While the story is light and cute, and it started off promising, there just wasn't much to it for me. It was a very quick read, so none of the charact...moreWhile the story is light and cute, and it started off promising, there just wasn't much to it for me. It was a very quick read, so none of the characters were extremely developed or all that memorable. The writing itself was fine, but the plot line was not strong enough for me either.
I'm glad I read Dreaming of Mr. Darcy. I was really excited for it, and it did end up being light and fun. I just had higher expectations. Like all ro...moreI'm glad I read Dreaming of Mr. Darcy. I was really excited for it, and it did end up being light and fun. I just had higher expectations. Like all romances, everyone ends up with who you want/expect them to. I still plan to read the other stories in this series, and hope to connect with them more.
Austenland is like Disneyland for women who secretly wish they had a Mr. Darcy of their own. I think BBC’s version of Pride and Prejudice instilled a...more Austenland is like Disneyland for women who secretly wish they had a Mr. Darcy of their own. I think BBC’s version of Pride and Prejudice instilled a little bit of that longing in all of us. This problem is exactly what Jane Hayes suffers with. After dating a ton of losers, this single, 33-year-old, New Yorker has come to the conclusion that no man can compare to the sexy, debonair, and utterly romantic Mr. Darcy. She has given up on the male gender completely. One day when her mother and great-aunt Carolyn come over for a visit, they inadvertently discover her copy of the movie as it shifts and falls from its hiding place in Jane’s potted plant. Jane, of course, was mortified—as if they had discovered her drawer of scandalous underwear.
Six months later, Great-Aunt Carolyn passes away and leaves one thing for Jane in her will: a non-refundable, all-inclusive, three-week vacation to Pembrook Park in England where she will strip herself of modern conveniences and live just as Elizabeth Bennett did. After some panicked girl talk with her friend, she decides to humor her late aunt and go on the trip as one last fling before giving up on ever finding her Mr. Darcy. She’ll play out her fantasy and then throw her DVDs away.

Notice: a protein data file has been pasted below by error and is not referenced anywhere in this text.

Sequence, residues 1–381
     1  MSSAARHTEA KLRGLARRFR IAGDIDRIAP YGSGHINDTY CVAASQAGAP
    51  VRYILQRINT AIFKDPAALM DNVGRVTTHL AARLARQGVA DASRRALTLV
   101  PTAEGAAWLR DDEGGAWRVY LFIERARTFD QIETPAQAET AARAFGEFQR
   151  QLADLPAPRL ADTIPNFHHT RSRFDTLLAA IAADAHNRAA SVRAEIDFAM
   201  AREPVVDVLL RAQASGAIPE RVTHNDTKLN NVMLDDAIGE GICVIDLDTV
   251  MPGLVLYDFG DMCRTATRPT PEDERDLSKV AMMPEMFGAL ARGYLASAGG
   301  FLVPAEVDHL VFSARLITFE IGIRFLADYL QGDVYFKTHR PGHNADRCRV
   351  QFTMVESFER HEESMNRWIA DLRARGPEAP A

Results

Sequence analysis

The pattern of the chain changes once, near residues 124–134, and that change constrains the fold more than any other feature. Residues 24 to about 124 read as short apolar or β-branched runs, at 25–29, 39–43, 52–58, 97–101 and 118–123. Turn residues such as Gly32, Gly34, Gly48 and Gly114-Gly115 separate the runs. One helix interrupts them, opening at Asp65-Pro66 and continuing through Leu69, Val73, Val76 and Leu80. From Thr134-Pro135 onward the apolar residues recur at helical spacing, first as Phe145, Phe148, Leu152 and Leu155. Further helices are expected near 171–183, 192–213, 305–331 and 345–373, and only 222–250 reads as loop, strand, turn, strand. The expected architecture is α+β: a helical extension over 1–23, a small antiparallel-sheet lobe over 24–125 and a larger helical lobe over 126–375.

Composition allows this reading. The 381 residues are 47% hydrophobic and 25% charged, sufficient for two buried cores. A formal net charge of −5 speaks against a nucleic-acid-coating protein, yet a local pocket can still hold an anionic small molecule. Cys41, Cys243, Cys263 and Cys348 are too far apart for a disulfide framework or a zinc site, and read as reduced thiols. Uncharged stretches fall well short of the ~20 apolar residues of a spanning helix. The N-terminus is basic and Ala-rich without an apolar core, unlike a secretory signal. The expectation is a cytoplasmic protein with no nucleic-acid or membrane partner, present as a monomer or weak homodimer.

She arrives at Pembrook Park and is given a new name, a new age (in Regency times, a woman her age would be considered a spinster and unmarriageable), a pamphlet on how to speak and act, a regency wardrobe (even her purple bra is confiscated and replaced with Regency undies), and is scurried off to teatime with her cell phone hidden illegally in the bottom of her trunk. She feels a little silly at first, but soon embraces this new way of life. She even enjoys it a little! Even though it’s all a game, her confidence improves and she’s convinced she can finally kick this Mr. Darcy obsession to the curb. However, these dreams or hers seem to be more attainable than she thought. With all the humor, charm, and sweet romance you could expect from a Jane Austen novel, Jane Hayes is well on her way to finding everything she hoped for.
This book had me before it even started when I read the dedication page: “For Colin Firth: You’re a really great guy, but I’m married, so I think we should just be friends.” I knew I was in for a fun read. I think part of the reason I enjoyed this book so much is because I identify so much with Jane Hayes. I’ve had my share of frogs in the proverbial dating pond, and understand her frustrations. However… I don’t hide my Pride and Prejudice DVD in a flowerpot. Hahaha. This was a fun, light-hearted read. It was very clean, obviously (since it’s modeled after a clean book), and I enjoyed watching the romance unfold. Jane got herself into some funny situations and was a bit rebellious at times—sneaking out to enjoy modern technology (sounds like something I’d do). I also love that each chapter started out with a story of one of Jane's romances-gone-bad. They were very humorous and made me feel a little better about my experiences! I enjoyed the characters, the detailed descriptions, and the storyline. I laughed, I got annoyed, I chewed characters out when they were being dumb, I turned the pages in anticipation, and I closed the book with a smile on my face. Most importantly, this book helped me remember that sometimes what you need is much different than what you want or what you’re looking for.
Happy reading! I’m off to pop some popcorn and watch Pride and Prejudice! (Colin, feel free to join me. I’m not married.)